While at Austin, I caught a screening of Susannah Grant’s new movie CATCH AND RELEASE. Since I sorta-know and definitely admire half the people in it (Jennifer Garner, Tim Olyphant, Kevin Smith), not to mention producer Jenno Topping, I’m hardly an unbiased viewer. So I’ll leave the reviews to more neutral eyes.
But what I do feel justified discussing is the movie’s setting: Boulder, Colorado. My home town.
My very first script was set in Boulder, so I’ve spent a lot of time thinking about how it would look on film. Watching CATCH AND RELEASE, I saw many of my chosen locations (The Hill, the Pearl Street Mall, various Flatirons) yet felt almost no recognition that this was actually Boulder.
It’s not the film’s fault. It’s just that movies look nothing like reality.
For instance, a scene set at the Pearl Street Mall is shot in mostly mediums and close-ups. Without a big wide establishing shot, you don’t get a sense of a street that’s been converted to a pedestrian mall. Of course, the movie doesn’t need the wide shot. The scene would probably be worse for its inclusion. It’s only Boulderites who miss the sense of geography.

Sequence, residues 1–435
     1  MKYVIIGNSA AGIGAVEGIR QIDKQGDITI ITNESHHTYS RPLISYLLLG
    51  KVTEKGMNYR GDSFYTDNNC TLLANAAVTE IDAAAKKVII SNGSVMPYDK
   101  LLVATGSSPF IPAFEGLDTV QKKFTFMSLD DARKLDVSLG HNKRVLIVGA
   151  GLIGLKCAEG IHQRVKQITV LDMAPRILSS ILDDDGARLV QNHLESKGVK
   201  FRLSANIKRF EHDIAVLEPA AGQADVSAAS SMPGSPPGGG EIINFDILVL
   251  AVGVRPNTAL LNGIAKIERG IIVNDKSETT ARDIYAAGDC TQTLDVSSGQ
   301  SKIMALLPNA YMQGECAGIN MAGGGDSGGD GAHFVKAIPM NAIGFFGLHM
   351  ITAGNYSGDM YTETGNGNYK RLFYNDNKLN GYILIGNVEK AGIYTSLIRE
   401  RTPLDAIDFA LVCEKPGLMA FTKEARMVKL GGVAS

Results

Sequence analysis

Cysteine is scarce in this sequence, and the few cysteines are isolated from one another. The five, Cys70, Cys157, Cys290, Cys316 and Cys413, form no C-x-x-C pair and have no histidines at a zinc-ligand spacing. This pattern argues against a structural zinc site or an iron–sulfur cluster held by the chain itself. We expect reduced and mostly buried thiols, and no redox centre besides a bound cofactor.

If it sounds like I’m complaining, I’m not. The movie is a postcard and valentine for Boulder, and its brand of earnest happiness and liberal optimism. Characters attend the opening of a “peace garden” without a trace of snarkiness to be found — and this in a movie featuring Kevin Smith.
Yes, much of the movie was shot on soundstages and locations far from Boulder. But it wasn’t the geographic differences that hurt the verisimilitude; it was the movie magic. In real life, the sun doesn’t dapple, clutter isn’t charming, and a wall painted “Tampax blue” wouldn’t merit discussion.
I have first-hand experience with the disorienting effects of movie magic, since a portion of The Movie I just directed was shot at my own house. For the last four months, I’ve been staring at footage of my kitchen, yet I barely connect it as being the same place I eat breakfast every morning.
Light, film and lenses change the colors and geometry of the room. The camera watches from places a human wouldn’t, constant and undistracted.
After a friends-and-family of The Movie, I got word back from a friend who lamented that her own house seemed less grown-up after seeing mine on film. She’s overlooking the fact we packed up all the baby toys, the dog beds, the stacks of unread mail, and the dishes in the sink. My house looks grown-up the same way houses in magazine shoots look: perfect, because no one has to live there.
In every scene, in every shot, there are lights and flags and twenty crew members just off the edge of frame, all working really hard to make it look nothing like reality.